Conflicting demands for complying with EPA’s MATS rule favor a single control technology to deal with multiple types of power plant emissions.
The EPA Speaks Out: The Clean Air Interstate Rule Explained
The Environmental Protection Agency reviews how the multi-pollutant control concept is to work.
achieve significant NO X reductions across states covered by the rule. By 2015, CAIR will reduce power plant NO X emissions by 2 million tons, achieving a regional emissions level of 1.3 million tons (61 percent reduction from 2003 levels). These emission reductions are substantial and will provide much of the reductions necessary for states to meet fine particle and ozone air quality standards.
The emission reductions required by CAIR will translate into major improvements in air quality in the CAIR region. The rule will help cities and states in the East meet the new, more stringent National Ambient Air Quality Standards for ozone and fine particles. CAIR, in conjunction with recent mobile source and state regulatory actions already undertaken, will reduce the number of ozone nonattainment areas in the east from 104 in 2005 to 5 by 2015. For fine particles, attainment gains also will be impressive, with the nonattainment in the east dropping from 43 areas in 2005 to 14 areas in 2015 ( see Figure 9 ). In addition, CAIR will help those remaining areas move closer to attainment. State efforts to address any residual nonattainment issues will become much easier as a result of CAIR.
The public benefits derived from the emission reductions are huge. EPA estimates the monetary value of the annual benefits for human health and welfare to be $86 billion to $101 billion in 2015. These monetized benefits include the prevention of 17,000 premature deaths, 22,000 non-fatal heart attacks, 12,300 hospital admissions, 1.7 million lost workdays, and 500,000 lost school days annually. Benefits to the public that EPA is unable to quantify in monetary terms include reductions of mercury emissions, acid rain, coastal and estuarine water eutrophication, and impaired visibility outside of the selected national parks used in the analysis. For instance, CAIR is expected to result in 11 tons of additional mercury reductions in 2015. Because of additional emission reductions post-2015 from CAIR, EPA anticipates even greater annual health and environmental benefits thereafter.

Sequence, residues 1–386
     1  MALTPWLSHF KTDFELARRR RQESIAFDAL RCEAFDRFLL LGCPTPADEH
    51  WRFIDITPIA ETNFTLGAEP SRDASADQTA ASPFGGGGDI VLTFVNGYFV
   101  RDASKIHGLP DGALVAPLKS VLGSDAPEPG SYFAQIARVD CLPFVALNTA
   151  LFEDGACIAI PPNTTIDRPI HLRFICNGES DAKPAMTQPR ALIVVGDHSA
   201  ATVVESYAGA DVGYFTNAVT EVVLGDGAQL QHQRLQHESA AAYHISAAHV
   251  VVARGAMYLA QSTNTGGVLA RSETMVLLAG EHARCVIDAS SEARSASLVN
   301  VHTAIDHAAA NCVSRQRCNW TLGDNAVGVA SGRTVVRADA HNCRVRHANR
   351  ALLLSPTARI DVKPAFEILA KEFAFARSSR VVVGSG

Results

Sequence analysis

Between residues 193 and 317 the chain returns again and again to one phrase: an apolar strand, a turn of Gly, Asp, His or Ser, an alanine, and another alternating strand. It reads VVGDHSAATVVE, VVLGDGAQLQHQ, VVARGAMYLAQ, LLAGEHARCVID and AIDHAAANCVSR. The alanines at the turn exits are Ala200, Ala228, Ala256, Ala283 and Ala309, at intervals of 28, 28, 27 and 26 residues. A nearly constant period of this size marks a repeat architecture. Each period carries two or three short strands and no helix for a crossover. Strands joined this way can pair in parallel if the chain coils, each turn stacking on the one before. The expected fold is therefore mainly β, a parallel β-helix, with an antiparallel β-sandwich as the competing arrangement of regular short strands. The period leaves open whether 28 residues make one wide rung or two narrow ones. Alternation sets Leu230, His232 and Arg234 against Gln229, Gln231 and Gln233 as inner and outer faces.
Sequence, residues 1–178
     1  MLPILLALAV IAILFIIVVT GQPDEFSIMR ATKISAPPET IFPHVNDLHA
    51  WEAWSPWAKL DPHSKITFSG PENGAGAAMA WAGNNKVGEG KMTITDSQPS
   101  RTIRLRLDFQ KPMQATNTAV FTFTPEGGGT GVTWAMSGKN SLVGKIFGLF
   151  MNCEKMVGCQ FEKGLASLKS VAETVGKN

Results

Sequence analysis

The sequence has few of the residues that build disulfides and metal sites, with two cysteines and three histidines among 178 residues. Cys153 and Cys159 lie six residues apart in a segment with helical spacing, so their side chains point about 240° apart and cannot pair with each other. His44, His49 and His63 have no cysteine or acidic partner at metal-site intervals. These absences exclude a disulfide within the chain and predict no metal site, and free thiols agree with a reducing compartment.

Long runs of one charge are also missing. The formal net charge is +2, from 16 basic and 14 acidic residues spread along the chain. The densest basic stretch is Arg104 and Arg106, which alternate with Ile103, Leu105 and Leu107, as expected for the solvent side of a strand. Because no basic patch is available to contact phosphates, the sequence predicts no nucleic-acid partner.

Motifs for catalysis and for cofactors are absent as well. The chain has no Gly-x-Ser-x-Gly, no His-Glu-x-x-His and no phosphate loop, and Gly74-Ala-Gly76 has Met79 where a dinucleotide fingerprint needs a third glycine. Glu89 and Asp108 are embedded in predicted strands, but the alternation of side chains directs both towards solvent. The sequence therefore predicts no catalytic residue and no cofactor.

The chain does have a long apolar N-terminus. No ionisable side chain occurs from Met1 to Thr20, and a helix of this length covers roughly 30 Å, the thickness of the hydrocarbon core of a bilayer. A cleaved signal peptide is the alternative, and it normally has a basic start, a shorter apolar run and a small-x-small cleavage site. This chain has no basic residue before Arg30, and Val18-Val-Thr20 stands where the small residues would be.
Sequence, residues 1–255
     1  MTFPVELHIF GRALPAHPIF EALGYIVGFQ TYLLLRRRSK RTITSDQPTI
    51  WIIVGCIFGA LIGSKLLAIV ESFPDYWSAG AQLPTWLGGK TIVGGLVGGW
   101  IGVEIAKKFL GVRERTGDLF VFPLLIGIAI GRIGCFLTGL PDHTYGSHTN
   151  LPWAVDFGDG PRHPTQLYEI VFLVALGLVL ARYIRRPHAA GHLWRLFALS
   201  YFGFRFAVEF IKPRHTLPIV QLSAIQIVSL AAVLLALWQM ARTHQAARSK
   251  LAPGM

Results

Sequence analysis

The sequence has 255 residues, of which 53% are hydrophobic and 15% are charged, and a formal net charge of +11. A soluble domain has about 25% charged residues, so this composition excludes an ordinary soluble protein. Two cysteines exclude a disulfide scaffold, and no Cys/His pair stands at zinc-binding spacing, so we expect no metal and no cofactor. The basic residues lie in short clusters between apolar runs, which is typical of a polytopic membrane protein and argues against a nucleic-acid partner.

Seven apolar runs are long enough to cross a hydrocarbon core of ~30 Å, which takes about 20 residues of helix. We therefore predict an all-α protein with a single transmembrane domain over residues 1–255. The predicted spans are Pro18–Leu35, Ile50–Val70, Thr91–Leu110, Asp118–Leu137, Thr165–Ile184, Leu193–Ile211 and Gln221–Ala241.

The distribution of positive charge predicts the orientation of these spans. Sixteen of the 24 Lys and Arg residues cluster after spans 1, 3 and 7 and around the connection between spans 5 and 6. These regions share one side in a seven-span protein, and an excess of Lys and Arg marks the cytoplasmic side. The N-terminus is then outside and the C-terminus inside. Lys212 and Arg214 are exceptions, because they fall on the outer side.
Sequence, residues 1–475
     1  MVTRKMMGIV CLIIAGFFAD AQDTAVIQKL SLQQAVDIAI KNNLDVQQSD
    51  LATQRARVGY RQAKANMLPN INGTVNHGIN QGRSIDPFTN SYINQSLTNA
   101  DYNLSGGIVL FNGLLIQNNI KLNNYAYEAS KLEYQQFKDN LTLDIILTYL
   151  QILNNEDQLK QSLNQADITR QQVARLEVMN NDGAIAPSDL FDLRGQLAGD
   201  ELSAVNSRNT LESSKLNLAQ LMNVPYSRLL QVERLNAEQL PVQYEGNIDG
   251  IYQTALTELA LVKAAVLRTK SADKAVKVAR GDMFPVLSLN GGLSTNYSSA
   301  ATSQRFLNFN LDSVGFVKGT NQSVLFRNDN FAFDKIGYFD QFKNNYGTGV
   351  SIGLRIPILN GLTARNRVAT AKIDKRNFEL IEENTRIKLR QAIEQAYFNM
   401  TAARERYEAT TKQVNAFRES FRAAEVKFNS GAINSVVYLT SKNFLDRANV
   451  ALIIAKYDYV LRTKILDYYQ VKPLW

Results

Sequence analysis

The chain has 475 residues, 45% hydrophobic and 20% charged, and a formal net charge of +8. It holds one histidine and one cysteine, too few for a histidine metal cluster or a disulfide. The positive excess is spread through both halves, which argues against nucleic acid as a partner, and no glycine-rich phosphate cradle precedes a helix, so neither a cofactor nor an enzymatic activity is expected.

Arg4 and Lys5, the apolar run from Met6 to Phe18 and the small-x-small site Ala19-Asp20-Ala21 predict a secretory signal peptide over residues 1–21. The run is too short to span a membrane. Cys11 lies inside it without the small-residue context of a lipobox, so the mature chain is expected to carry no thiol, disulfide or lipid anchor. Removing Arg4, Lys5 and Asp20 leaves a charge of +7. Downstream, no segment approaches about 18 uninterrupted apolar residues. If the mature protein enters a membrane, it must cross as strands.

The Clean Air Interstate Rule represents a significant step forward toward the attainment of air quality standards in the eastern United States. The impacts on electricity prices and fuel markets are reasonable, and energy diversity and reliability will be maintained, with more than $25 of benefits to every dollar of increased electricity generating costs. 6 EPA looks forward to working with states and the power industry to implement CAIR and to reap the rewards of putting this multi-pollutant emission reduction concept to work.
- All values are real 1999 dollars.
- In 1996, EPA began evaluating multi-pollutant control strategies with various stakeholders in the Clean Air Power Initiative (CAPI), which considered ways to lower power plant air emissions through phased-in cap and trade programs that lowered compliance costs and provided certainty on future controls while providing substantial emissions reductions.
- This paper is based upon analyses done in support of the Final CAIR, and in particular, relies upon information in the Final CAIR Regulatory Impact Analysis, March 2005. This study and other technical information on the rule can be found at http://www.epa.gov/cleanairinterstaterule.